Gonna respectfully disagree with you on your persistence regarding the strength of our ordinary institutions. Partly because the organizing principles of party politics in the US have devolved further than I think you have yet appreciated over the past twenty years or so, and partly because, like when radio became a form of mass information dissemination in the era of Hitler and Roosevelt (I’m not calling Trump Hitler, please… nor Roosevelt for that matter) the shock to the system of political dialogue and debate has been profound, allowing fringe elements to seep into the more general political discourse (on this I would refer to Bill Connolly’s book on Capitalism and Christianity, American Style, especially his chapter on the Fox news/fundamentalist resonance machine). Of course, we have historical parallels to the present from the past, but our crisis is of now, occurring at a moment when the pillars of continuity in American politics — the Democratic and Republican parties — are collapsing. We have had crises like this in the past, and have dodged them, but it doesn’t mean we will now.

    I was recently asked to speak on Ted Lowi and his heritage at the Arendt Center at Bard College (later this March(Ted was one of my teachers and mentors at Cornell)). The invitation has given me occasion reread his second edition of The End of the Republican Era. There, in the epilogue to the new edition, he was Cassandra-like, worrying that the emergence of someone not unlike Trump, someone who would incite the moraline absolutists of the Christian/capitalist Right, would overcome small”d” democrats, were there not a large enough coalition in place to support the rule of law. (I checked recently, and did some simple math out stats provided of websites like Five-Thirty-Eight and RealClear Politics — out of Trump’s total vote, 44% came from white evangelical voters, folks like Mike Pence, who says of himself that he is a Christian first, conservative second, and Republican third.) That, combined with the white nationalism at the heart of Trump’s administration, is toxic and explicitly anti-democratic, working at the heart of power, a phenomenon I can’t recall having ever occurred before in my lifetime in the US. I hope that the more ordinary structures of politics you invoke have the capacity to resist this latest development, but fear that they don’t. Where that leaves me is demanding resistance to Trump on every possible front, seeking a re-building of a Democrat party from the bottom up, and pressing from outside the Democratic party, on the streets as need be, when the authoritarian hammer comes down, as it already is starting to, through his executive orders.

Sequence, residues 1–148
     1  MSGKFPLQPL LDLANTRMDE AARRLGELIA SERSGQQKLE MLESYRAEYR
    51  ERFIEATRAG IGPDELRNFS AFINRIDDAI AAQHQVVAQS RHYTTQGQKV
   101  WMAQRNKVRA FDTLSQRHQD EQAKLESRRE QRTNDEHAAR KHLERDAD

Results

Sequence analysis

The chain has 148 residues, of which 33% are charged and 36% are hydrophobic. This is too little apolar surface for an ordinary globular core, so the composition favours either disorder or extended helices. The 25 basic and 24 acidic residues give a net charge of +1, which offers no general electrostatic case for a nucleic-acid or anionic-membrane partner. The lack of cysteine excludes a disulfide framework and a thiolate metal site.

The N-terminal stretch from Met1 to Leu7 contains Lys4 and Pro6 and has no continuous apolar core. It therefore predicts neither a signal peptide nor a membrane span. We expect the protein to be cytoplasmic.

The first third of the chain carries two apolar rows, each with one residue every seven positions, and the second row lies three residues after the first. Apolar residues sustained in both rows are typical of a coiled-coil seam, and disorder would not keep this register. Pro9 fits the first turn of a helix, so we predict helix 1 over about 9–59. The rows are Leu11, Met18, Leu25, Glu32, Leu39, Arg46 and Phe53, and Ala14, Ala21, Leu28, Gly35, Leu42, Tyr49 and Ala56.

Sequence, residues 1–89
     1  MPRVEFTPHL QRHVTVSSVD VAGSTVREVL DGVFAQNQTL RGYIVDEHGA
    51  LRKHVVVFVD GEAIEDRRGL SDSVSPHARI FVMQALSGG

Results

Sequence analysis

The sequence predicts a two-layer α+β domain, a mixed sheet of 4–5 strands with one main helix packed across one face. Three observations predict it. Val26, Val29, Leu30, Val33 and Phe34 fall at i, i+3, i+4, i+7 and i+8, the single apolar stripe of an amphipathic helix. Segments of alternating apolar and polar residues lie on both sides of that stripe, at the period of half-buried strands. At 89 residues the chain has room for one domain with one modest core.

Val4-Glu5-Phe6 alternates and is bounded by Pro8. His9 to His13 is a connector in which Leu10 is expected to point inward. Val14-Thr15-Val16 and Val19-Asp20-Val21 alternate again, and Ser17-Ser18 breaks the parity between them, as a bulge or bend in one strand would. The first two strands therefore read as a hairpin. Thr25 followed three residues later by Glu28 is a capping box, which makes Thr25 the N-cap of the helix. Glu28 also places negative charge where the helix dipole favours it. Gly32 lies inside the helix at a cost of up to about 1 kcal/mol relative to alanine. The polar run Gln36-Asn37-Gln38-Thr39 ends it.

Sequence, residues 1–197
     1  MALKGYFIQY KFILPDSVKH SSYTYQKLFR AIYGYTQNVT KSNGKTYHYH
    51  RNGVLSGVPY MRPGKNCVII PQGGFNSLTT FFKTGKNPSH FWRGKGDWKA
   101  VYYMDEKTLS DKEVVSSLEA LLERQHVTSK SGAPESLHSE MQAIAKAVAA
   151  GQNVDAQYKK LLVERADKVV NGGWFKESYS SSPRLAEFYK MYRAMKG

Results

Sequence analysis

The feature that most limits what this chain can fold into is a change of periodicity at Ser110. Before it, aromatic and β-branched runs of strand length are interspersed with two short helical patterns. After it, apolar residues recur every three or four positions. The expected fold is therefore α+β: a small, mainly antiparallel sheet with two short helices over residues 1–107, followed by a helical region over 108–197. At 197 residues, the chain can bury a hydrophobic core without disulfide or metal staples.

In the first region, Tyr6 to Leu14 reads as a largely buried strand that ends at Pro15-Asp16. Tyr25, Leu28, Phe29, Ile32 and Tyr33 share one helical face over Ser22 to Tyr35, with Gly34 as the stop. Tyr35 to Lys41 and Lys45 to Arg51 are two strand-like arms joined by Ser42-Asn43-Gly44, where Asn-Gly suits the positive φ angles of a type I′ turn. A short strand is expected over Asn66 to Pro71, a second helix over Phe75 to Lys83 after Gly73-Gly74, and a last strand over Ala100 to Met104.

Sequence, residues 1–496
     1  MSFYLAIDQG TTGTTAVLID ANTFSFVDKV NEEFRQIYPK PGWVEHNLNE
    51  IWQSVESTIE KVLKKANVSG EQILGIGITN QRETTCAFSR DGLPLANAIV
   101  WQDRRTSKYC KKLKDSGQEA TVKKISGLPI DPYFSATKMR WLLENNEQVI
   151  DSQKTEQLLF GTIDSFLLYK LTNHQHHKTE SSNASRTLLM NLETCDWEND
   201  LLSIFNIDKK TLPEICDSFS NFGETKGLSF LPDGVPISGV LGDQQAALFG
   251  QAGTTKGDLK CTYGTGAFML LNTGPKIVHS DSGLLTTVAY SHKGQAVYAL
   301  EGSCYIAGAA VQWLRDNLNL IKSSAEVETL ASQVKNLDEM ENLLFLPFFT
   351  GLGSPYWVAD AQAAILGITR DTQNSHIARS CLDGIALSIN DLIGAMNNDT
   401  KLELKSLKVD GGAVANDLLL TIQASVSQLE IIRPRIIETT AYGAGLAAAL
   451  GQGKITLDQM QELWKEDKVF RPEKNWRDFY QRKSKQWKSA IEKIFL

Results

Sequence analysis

In solidarity, Tom